A quaint Sardinian village of just 2,000 people is the first place Roberto Flore called home. Just a few months a ago, the young Sardinian chef traded his beloved Mediterranean island to become the head chef of the Nordic Food Lab for the next three months, a research laboratory created by René Redzepi in Copenhagen. Flore grew up foraging and gathering herbs, mushrooms and wild plants. It was this childhood hobby that paved the way for this new stage of his life. Not to mention, it's the subject of a chapter the chef wrote for the FAO's Routledge Handbook of Sustainable Food, Beverage and Gastronomy. So just how did Flore to go from Sardinia to Copenhagen? Fine Dining Lovers sat down with him to find out more.
Let's start from the beginning. What did you do before the Nordic Food Lab?
My first memory stretches back to when I was 4-years-old: I was in the arms of my grandmother while kneading the bread, preparing ravioli and baking sweets. My community still carries forward these ancient crafts: the rearing of pigs and cows in the wild or harvesting olives. I grew up surrounded by biodiversity and studied agronomy. I have worked and traveled so much, working with chefs from all over the world, but finally - anyone who is Sardinian knows, you can not resist the lure of the Island - I went back home.
What is the "gastronomic situation" in Sardinia, in your opinion?
They are doing so much to improve it. Some chefs have come together as a team to promote our island. The chefs must support the producers, the real ones, not only by promoting certain ingredients but by exposing the cause.
How did you get to the Nordic Food Lab?
I started dreaming of Denmark after reading the book by René. He spoke of the discovery of an area with outstanding products, often exported or undervalued - not because they weren't good, but because they tasted unusual and were difficult to handle. People did not see the potential. It was exciting to read the results of René in terms of local development. Last September, I met two of my current colleagues that had arrived from Copenhagen. They were shooting a documentary on the world of edible insects, and I had the task of introducing them to the world of Casu Marzu (a type of rotten cheese containing larvae from the Cheese Fly). It was love at first sight and opened the possibility of an internship at the Nordic Food Lab, in February I began my new adventure. I will also intern at Noma for a month in September.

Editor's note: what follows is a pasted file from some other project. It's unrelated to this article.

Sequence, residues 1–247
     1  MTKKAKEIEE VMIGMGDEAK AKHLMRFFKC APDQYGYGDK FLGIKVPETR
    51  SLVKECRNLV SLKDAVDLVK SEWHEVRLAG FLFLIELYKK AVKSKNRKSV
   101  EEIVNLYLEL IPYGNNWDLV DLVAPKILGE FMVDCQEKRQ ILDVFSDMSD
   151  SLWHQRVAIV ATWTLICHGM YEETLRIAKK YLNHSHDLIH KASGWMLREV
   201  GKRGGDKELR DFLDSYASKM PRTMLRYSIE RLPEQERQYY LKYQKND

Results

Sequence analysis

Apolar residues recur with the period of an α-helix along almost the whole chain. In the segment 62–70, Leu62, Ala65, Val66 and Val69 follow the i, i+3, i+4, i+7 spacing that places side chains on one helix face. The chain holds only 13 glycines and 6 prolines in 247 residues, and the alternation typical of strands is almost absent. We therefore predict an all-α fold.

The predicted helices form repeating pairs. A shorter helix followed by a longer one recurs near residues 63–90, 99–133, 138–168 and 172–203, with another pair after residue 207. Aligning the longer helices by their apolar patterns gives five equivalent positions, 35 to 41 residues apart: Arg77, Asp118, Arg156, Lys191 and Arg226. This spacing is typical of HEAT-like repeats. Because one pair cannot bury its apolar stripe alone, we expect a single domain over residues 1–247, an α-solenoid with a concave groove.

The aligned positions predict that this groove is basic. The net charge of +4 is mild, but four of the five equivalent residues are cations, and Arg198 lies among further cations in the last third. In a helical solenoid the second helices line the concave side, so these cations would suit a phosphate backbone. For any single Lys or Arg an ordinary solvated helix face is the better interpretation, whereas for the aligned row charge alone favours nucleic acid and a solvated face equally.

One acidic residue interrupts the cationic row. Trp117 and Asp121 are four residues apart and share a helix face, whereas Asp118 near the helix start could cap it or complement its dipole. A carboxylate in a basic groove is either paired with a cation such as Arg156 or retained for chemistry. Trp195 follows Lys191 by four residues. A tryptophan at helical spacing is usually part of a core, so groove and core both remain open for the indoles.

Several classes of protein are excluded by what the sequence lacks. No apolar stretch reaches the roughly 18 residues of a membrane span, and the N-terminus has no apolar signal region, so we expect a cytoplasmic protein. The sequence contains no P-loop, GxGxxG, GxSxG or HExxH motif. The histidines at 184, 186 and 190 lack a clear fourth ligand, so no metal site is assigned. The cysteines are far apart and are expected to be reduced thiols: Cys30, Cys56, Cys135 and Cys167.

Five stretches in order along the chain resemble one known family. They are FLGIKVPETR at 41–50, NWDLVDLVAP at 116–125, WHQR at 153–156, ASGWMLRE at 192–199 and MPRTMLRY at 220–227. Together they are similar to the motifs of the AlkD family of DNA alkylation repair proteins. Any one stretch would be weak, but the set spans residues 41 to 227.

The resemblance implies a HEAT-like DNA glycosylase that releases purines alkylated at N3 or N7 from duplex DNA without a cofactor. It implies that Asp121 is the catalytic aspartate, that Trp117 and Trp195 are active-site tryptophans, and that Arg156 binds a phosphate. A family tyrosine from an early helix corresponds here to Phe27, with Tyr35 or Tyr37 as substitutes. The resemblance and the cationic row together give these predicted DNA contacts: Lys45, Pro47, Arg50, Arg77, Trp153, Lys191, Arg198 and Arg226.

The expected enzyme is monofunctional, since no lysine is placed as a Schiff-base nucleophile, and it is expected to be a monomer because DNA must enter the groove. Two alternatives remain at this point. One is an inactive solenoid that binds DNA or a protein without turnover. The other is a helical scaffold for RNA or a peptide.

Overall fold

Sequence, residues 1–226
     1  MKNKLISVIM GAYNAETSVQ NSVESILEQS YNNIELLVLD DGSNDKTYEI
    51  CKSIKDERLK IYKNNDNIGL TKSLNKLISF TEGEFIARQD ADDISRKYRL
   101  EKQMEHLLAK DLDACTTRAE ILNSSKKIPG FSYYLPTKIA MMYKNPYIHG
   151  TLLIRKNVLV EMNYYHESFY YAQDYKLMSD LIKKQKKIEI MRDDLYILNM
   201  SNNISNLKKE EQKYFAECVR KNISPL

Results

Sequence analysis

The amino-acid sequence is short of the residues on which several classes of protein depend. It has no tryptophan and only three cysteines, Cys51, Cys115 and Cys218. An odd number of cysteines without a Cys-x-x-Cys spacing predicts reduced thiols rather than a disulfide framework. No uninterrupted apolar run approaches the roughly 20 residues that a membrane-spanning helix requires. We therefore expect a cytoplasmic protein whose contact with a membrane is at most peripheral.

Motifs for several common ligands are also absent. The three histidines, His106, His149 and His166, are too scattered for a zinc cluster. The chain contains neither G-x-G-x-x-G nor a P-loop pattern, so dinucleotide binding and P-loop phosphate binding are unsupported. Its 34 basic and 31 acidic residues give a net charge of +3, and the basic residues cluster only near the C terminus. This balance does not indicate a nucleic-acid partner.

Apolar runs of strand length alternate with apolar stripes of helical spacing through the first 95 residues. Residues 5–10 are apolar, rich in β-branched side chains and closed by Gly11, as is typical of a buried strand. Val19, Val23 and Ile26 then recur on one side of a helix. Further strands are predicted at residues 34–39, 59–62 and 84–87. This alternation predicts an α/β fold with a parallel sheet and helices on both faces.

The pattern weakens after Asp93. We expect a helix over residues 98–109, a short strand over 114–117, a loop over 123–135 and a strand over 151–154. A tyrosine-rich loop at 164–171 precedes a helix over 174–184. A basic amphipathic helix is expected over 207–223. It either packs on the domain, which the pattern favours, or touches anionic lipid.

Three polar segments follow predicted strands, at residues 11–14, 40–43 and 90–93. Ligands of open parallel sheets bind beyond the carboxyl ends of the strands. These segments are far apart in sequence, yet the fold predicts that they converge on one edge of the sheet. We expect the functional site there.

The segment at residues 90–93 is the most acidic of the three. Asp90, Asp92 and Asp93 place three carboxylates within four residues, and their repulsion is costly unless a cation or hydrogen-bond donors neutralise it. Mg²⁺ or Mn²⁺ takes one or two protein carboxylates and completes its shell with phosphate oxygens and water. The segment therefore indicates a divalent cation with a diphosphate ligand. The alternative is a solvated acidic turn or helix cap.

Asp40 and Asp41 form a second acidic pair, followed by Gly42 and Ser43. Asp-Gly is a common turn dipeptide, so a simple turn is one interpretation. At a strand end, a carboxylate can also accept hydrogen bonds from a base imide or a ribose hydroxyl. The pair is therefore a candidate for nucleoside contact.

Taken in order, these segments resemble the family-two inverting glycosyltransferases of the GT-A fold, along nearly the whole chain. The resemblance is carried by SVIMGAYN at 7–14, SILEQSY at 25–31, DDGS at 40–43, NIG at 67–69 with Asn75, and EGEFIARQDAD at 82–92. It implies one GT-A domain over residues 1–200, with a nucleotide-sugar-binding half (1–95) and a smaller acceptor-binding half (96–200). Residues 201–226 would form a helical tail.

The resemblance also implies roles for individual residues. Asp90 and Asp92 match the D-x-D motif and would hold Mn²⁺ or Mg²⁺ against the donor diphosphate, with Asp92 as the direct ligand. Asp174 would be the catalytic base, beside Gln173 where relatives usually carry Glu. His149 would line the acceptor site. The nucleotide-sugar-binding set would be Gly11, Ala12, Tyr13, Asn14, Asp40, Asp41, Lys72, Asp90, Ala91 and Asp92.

What is your day job?
The current team consists of nine people, from a wide variety of specializations, including alumni of prestigious universities like Yale, Sorbonne and the University of Gastronomic Sciences of Slow Food. We're not one cuisine in the classic sense, and we do not serve food: ours is an alchemy lab created to investigate the gastronomic potential of Scandinavian countries. We work with curing, fermentation, molds, yeasts and even insects...we develop, we catalog and then analyze and share with the public what we believe is valid and innovative, or things we are simply curious about learning. You can follow us on the blog. Our daily work is varied: in this period, there are those who take the bike and dart through the woods to gather herbs, others who get to know the producers, those who study and those who cook.
Sardinian cuisine vs. Danish cuisine.
I'm against forming a judgment of quality based on the Nationality of a dish, I prefer to look at the interpretive skills and the messages communicated by the chefs. In the new Nordic cuisine, dishes are characterized by great contrasts and enveloping flavors that we are not accustomed to in the Mediterranean. I love my country and I love to promote the fruits in the world, but I believe that patriotism is a limit.
What is it that has allowed the Nordic regions to get where they are now? Do you think Italy be able to do the same?
We have great talents and a different established reality in Italy. We should not chase after anyone, but to continue our path without competitiveness. I hope that in the future we will be able to protect and enhance our biodiversity and our flavors.
What Italian flavours do you miss while you're abroad and which flavour were you happy to discover?
If I open the fridge at home I find myself in front of herring, Danish asparagus and fabulous rhubarb, but there's a side of Fiore Sardo Ollolai pecorino cheese, cured sheep meat, goat curd and olives from Seneghe. I can not complain!